by the PREFIX_ARCH variable in compile.
1.8 or greater
- Probably any number of DES routines will work; currently the set
(said to be ``one of the fastest around'') by Eric Young is used:
version 4.0 Linked statically. A SPARC 20/50 needs 8.7 microseconds
per byte for DES CBC, a Silicon Graphics IP22 22.9 microseconds per
byte. See also this listing for
alternate DES implementations.
version 1.0 patchlevel 7 or the original.
A different Makefile is used.
7.5a2. Used as a shared library. Since the number of
arguments has changed in the Tcl_Eval function, pre-7.0 versions will
4.1a2 Used as a shared library.
version 2.2 This library allows the creation of stand-alone
versions, i.e., executables that do not require that Tcl, Tk, Tcl-DP,
etc. are installed on the target system.
version 3.3b1. You also need to create the dplite
library from this distribution if you want to compile
nevotd. Always linked statically.
- shared library extensions:
- For saving disk space and load time, it is desirable to link the
executables dynamically against the Tcl, Tk and Tix libraries. There
is a plus patch for Tcl, Tk and Tix that generates both
static and dynamic libraries.
In order to use the UDP multicast facilities, you have to install the
appropriate multicast kernel modifications for systems without native
multicast support. Currently, Solaris and SGI have built-in multicast
NeVoT can either use the compiled-in Tcl files or use local
versions. When starting up, the applications check whether the Tcl
files can be located. If not, the compiled-in versions are used. If
you want to use the Tcl files, either the ones contained in the source
distribution or your own, modified versions, you have to set a number
of environment variables. The environment variable
NEVOT_LIBRARY is used by NeVoT and should be defined as
the directory where nevot.tcl resides.
By default, NeVoT always uses compiled-in versions of the Tcl and Tk
standard libraries, linked in through the tksolo library.
This can be changed by appropriate modification of the sources files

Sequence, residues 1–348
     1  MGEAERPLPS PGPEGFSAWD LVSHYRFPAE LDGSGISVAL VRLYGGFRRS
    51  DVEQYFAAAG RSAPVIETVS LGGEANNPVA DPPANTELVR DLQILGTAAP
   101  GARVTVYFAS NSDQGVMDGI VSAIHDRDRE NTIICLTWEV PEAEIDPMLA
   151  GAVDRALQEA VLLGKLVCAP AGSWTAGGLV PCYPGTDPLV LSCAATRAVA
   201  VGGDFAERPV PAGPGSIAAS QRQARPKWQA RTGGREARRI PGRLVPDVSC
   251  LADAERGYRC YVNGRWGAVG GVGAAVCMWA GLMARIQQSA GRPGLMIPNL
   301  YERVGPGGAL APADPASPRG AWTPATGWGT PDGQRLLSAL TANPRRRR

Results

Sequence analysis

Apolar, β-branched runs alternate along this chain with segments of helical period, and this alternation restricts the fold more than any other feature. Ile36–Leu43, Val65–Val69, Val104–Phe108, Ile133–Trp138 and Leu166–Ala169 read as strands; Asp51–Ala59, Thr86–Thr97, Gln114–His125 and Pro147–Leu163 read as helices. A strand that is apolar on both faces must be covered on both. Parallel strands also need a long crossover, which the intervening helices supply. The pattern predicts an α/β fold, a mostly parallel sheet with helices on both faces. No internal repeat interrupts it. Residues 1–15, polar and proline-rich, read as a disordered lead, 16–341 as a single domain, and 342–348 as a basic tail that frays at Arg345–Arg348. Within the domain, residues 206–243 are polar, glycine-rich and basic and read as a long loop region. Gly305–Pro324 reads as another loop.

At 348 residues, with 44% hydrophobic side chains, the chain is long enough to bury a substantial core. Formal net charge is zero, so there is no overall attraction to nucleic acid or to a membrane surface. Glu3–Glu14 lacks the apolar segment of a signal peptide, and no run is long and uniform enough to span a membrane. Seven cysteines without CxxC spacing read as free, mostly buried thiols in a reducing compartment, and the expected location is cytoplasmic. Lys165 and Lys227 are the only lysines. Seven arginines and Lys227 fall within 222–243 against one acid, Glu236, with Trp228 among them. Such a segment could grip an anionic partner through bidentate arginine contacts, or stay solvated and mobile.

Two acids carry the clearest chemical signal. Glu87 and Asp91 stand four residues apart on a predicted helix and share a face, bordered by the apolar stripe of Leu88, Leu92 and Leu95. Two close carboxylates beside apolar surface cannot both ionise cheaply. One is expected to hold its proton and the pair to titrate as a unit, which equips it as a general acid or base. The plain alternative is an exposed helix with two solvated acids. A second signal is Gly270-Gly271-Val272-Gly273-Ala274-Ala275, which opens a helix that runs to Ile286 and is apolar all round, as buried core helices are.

*_init.c. If local versions are to be used, then the
environment variable TK_LIBRARY should point to the
directory containing tk.tcl and other files from the Tk
library. The environment variable TCL_LIBRARY should point to
the directory containing init.tcl and other files. In csh, for
example, use something like
setenv TCL_LIBRARY /usr/local/lib/tcl
setenv TK_LIBRARY /usr/local/lib/tk
setenv DP_LIBRARY /usr/local/lib/dp
setenv NEVOT_LIBRARY /usr/foo/nevot/tk
setenv NEVOTD_LIBRARY /usr/foo/nevot/tcl
Finally, modify the beginning of the shell script compile. By
default, tk, tcl, etc. libraries are expected either in
/usr/local/lib or in $HOME/ARCH/lib. Binaries are
created in $HOME/ARCH/bin.
The following shell variables can be set in the script:
Hardware and compiler specific options are in the file
compile.ARCH, e.g., compile.sun4. You should define the
environment variable CC to name your favorite compiler.
- Prefix for architecture specific directories. By default, local
libraries (e.g., tcl or tk) are expected in PREFIX_ARCH/lib, binaries
are deposited in PREFIX_ARCH/bin. These defaults can be changed by
the variables below.
- Include files for Tcl and Tk; by default a list of "standard"
directories is searched.
- Include files for X11; by default a list of directories is
- Binaries are deposited here; created if necessary.